Did you know that the average life span of hot water heaters is 10 years?
However, factors such as improper installation and water hardness could cause early failure. Lack of maintenance and incorrect use can also make them break down sooner.
This is why it’s important that you learn how to check hot water heater for potential issues. This way, you’ll know what troubleshooting steps to carry out before you ring up a plumber.
Most importantly, you can avoid safety hazards, such as those caused by scalding water. Note that scald burns from hot water account for 35% of all burn injuries attended to by US burn centers each year.
Ready to learn the basics of inspecting and troubleshooting a faulty water heater? Then let’s dive right into it!
No Hot Water At All
In electric water heaters, this problem is usually caused by a power interruption. If everything else in your home runs except for the heater, the breaker for just the heater may have tripped. Check the breaker box to see if the switch for the heater has gone to the “OFF” side.
If it has, simply slide or flip the switch back to the “ON” position. Wait for a few minutes, then try running a few of your faucets. If the problem was only due to the tripped breaker, then you should have hot water again.
If you have a gas heater, its pilot light may have gone out, which may be due to a lack of gas or having no gas at all. If you’re unsure, you can try lighting it up before you call your gas provider. Most gas heaters have a pilot light cover/door right under the gas valve.
Depending on the type of heater you have, it may have two separate controls for the pilot light and the ignitor. If you don’t see an igniting button, then you’d need to manually light the pilot with a long lighter.
If none of these work, it’s possible that a key component of your hot water heater has broken. In electric heaters, defective thermostats are a top reason for having no hot water. In gas heaters, clogged or bent supply lines and faulty valve controls are usually to blame.
In such cases, it’s best you call a licensed water heater repair specialist. This way, they can inspect the equipment and determine what’s causing your no hot water issues.
You Keep Running Out of Hot Water
From incorrect tank size to broken dip tubes, here are some of the reasons that can cause a lack of hot water.
Tank Is Too Small
A considerable increase in your hot water use may now be too much for your current tank’s capacity. Your tank may be too small to meet your demands, which is why you always run out of hot water. If it’s a long-term increase, the best way to avoid running out of hot water is to upgrade and install a new water heater.
Broken Dip Tube
If there’s been no change to your hot water demands, the dip tube in your hot water heater may have failed. This is the part that pushes cold water to the bottom of the tank so that it can get heated.
If this becomes defective, it may not push enough cold water to the bottom. This can then lead to having insufficient hot water. It may also cause fluctuations in water temperature (AKA water not being hot enough).
Since the dip tube is inside the tank itself, the only way to confirm that it’s broken is to open the tank. This task is best left in the hands of pros. However, one way to diagnose this problem is to check the water pressure or strength of flow.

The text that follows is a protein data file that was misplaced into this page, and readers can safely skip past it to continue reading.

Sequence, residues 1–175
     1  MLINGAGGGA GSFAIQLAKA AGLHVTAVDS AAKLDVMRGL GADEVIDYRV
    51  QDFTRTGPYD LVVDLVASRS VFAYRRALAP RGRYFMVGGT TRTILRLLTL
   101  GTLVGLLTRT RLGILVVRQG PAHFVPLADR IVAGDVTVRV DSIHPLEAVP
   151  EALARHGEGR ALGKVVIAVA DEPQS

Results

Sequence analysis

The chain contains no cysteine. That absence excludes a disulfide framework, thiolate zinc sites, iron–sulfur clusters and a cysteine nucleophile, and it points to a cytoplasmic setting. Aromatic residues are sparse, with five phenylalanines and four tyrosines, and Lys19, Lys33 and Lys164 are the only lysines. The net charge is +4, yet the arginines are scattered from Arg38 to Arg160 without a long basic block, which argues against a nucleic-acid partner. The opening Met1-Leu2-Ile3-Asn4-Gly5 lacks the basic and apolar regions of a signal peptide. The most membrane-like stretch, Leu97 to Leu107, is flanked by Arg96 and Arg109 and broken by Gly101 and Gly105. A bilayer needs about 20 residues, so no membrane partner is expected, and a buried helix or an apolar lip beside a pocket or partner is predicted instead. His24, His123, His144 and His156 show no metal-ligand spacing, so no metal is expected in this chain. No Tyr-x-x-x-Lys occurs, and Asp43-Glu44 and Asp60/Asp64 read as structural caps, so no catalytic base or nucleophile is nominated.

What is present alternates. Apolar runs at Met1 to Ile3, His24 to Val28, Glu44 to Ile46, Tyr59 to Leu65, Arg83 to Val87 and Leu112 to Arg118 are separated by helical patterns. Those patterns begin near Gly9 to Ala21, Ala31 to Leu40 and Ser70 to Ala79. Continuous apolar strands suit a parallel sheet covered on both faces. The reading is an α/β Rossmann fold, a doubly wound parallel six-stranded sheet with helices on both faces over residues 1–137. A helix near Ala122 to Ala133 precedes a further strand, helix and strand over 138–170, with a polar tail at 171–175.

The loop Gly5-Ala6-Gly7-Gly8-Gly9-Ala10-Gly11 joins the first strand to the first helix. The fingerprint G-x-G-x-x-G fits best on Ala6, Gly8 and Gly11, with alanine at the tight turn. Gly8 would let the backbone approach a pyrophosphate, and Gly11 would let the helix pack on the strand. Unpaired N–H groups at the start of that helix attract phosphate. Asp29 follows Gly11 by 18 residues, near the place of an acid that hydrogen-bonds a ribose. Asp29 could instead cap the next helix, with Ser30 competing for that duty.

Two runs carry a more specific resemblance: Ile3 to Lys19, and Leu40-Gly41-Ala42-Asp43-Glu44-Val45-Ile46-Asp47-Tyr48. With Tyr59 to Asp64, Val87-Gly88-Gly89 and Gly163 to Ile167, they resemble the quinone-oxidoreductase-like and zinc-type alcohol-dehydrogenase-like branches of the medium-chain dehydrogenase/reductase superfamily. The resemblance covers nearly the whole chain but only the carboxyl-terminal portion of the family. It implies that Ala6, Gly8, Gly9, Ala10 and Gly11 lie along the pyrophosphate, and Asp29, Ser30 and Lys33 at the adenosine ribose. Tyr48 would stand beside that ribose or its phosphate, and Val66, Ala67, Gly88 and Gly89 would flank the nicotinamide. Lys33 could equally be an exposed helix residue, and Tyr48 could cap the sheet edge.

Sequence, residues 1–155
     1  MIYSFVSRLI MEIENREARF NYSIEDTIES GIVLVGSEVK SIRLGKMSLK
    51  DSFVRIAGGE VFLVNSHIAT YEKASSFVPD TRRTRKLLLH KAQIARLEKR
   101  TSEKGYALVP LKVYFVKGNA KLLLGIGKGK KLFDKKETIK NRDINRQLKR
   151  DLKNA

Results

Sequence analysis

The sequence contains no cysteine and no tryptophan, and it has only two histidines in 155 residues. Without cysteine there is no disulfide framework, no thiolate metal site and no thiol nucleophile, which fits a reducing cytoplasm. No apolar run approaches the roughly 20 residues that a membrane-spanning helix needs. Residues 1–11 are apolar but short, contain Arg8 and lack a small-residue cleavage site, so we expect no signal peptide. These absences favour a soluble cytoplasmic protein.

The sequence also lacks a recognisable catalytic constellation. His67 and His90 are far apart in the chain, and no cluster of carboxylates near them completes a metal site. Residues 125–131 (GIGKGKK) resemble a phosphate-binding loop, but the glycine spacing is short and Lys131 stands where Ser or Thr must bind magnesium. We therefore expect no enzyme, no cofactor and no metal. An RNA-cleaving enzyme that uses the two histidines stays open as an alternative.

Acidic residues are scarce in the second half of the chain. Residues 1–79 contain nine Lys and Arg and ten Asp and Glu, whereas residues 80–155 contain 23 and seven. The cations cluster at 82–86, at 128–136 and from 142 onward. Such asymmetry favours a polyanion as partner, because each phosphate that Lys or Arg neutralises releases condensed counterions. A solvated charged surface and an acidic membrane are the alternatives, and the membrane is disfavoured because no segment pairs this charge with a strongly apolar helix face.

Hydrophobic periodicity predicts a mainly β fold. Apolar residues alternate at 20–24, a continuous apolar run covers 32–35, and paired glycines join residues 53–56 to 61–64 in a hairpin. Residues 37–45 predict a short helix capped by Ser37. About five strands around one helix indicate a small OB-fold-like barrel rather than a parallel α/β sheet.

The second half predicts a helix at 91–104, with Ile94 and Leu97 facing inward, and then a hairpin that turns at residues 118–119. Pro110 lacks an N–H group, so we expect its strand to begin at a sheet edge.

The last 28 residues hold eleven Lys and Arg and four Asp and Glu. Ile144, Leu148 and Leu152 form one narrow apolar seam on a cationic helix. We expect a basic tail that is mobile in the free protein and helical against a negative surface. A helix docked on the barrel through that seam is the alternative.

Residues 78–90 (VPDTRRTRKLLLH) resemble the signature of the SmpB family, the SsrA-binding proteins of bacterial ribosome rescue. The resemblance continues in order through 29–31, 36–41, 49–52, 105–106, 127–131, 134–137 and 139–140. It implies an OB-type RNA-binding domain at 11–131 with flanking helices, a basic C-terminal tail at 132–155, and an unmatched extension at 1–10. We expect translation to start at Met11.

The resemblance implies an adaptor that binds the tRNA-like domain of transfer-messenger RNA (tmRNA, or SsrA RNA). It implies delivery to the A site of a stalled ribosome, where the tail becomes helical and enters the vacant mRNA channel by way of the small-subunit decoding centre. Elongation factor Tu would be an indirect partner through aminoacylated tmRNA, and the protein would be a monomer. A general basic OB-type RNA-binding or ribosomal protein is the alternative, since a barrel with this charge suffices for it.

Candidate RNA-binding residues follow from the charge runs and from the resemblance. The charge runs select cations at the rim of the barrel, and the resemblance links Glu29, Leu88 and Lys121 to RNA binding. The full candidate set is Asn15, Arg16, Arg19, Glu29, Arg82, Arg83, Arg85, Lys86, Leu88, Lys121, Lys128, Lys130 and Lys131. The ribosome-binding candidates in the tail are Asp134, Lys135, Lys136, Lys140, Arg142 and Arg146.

If the inadequate hot water issue occurs with weak water flow, a broken dip tube is a likely culprit. Parts of the tube may have broken off and ended up in faucet aerators. These particles can then clog up aerators, causing a decrease in water pressure or flow.
Fluctuating Water Temperature
Faulty thermostats can be “miscommunicating” with your heater. This can lead to the heater thinking it has heated the water to your desired temperature. As a result, the water may not be hot enough or be extremely hot.
Check your heater’s thermostat and make sure it’s set to 120 degrees Fahrenheit. This is warm enough to keep most water-borne pathogens at bay, but it’s not hot enough to cause scalding. Reset the water heater and then wait for a few minutes to check if the water temp has gone back to normal.
If this doesn’t do the trick, then you may already be dealing with a defective thermostat. Contact a plumber right away and make sure to shut the heater off in the meantime.
Reduced Water Flow or Pressure
This can happen if you run multiple faucets or showers at the same time. Not only will this reduce water flow — it’ll also cause the heater to run out of heated water sooner.
However, it’s also possible that your water tank and supply lines have developed clogs. Hard water is a common cause of such blockages, considering that 90% of all homes in the US get hard water. In many parts of Utah, such as Salt Lake City, residents have to deal with water considered to be “very hard”.
You can pre-test your water for hardness by filling a glass with tap water. Let it sit for a few minutes and then check if any sediments have settled at the bottom. If so, then that means you have hard water, and it may also be affecting your water supply.
The best long-term solution for hard water is to invest in a water softener. Soft water can help extend the life of your hot water heater, as well as your other water-using appliances. It also makes soaps and detergents clean better, so you can enjoy your baths and showers more.
Follow These Tips on How to Check Hot Water Heater for Problems Now
There you have it, your ultimate guide on how to check hot water heater for pesky issues like weak water flow. By knowing what you can do if you experience these issues, you may be able to fix some of them on your own. However, if the problem is too big to DIY, then it’s better (and safer!) to ring up the pros.
Having problems with a faulty hot water heater at home? We here at Beehive Plumbing can help! Connect with us now to schedule your water heater repair.